Background and Purpose Acute stroke treatments are underutilized primarily due to delayed hospital arrival. Using a community based participatory research approach, we explored stroke self-efficacy, knowledge and perceptions of stroke among a predominately African American population in Flint, Michigan. Methods In March 2010, a survey was administered to youth and adults after religious services at three churches and one church health day. The survey consisted of vignettes (12 stroke, 4 non-stroke) to assess knowledge of stroke warning signs and behavioral intent to call 911. The survey also assessed stroke self-efficacy, personal knowledge of someone who had had a stroke, personal history of stroke and barriers to calling 911. Linear regression models explored the association of stroke self-efficacy with behavioral intent to call 911 among adults. Results Two hundred forty two adults and 90 youth completed the survey. Ninety two percent of adults and 90% of youth respondents were African American. Responding to 12 stroke vignettes, adults would call 911 in 72% (sd=0.26) of the vignettes while youth would call 911 in 54% (sd=0.29) (p<0.001). Adults correctly identified stroke in 51% (sd=0.32) of the stroke vignettes and youth in 46% (sd=0.28) of the stroke vignettes (p=0.28). Stroke self-efficacy predicted behavioral intent to call 911 (p=0.046). Conclusion In addition to knowledge of stroke warning signs, behavioral interventions to increase both stroke self-efficacy and behavioral intent may be useful for helping people make appropriate 911 calls for stroke. A community based participatory research approach may be effective in reducing stroke disparities. PMID:21617148

  20. Computer-assisted design/computer-assisted manufacturing systems: A revolution in restorative dentistry.

    PubMed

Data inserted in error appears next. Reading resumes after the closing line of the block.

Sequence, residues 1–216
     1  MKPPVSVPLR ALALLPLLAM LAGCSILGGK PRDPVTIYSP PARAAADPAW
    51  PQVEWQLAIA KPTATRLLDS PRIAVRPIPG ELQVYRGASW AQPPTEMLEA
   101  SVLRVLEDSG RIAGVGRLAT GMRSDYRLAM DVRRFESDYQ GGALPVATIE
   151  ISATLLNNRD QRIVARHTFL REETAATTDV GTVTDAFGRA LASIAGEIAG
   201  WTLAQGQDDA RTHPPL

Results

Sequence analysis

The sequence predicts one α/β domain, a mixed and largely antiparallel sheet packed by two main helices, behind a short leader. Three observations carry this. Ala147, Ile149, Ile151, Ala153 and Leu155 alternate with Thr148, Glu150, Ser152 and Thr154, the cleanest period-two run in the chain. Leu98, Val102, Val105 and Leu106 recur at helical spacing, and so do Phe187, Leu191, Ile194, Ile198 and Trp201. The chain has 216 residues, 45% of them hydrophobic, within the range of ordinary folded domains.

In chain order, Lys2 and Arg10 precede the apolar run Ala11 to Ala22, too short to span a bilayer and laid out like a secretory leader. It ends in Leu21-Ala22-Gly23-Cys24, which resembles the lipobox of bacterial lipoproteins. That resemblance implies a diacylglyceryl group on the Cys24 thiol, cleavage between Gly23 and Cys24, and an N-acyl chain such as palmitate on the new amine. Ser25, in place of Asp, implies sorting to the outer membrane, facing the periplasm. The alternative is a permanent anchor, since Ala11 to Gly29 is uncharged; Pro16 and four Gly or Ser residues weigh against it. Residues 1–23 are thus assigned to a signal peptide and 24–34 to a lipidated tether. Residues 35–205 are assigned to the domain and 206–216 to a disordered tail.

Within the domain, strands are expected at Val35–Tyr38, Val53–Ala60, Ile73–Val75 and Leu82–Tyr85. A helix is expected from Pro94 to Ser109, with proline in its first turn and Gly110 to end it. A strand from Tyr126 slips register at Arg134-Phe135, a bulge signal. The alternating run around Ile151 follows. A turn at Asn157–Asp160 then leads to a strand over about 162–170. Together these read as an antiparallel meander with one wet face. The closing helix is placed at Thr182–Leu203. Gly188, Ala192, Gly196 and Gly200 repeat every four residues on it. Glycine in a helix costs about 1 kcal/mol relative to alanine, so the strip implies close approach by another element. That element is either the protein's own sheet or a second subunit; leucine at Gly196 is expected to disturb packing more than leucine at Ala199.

Sajjad, Arbaz

    2016-01-01

    For the better part of the past 20 years, dentistry has seen the development of many new all-ceramic materials and restorative techniques fueled by the desire to capture the ever elusive esthetic perfection. This has resulted in the fusion of the latest in material science and the pen ultimate in computer-assisted design/computer-assisted manufacturing (CAD/CAM) technology. This case report describes the procedure for restoring the esthetic appearance of both the left and right maxillary peg-shaped lateral incisors with a metal-free sintered finely structured feldspar ceramic material using the latest laboratory CAD/CAM system. The use of CAD/CAM technology makes it possible to produce restorations faster with precision- fit and good esthetics overcoming the errors associated with traditional ceramo-metal technology. The incorporation of this treatment modality would mean that the dentist working procedures will have to be adapted in the methods of CAD/CAM technology. PMID:27134436

  1. Vulnerability assessment in a participatory approach to design and implement community based adaptation to drought in the Peruvian Andes

    NASA Astrophysics Data System (ADS)

    Lasage, Ralph; Muis, Sanne; Sardella, Carolina; van Drunen, Michiel; Verburg, Peter; Aerts, Jeroen

    2015-04-01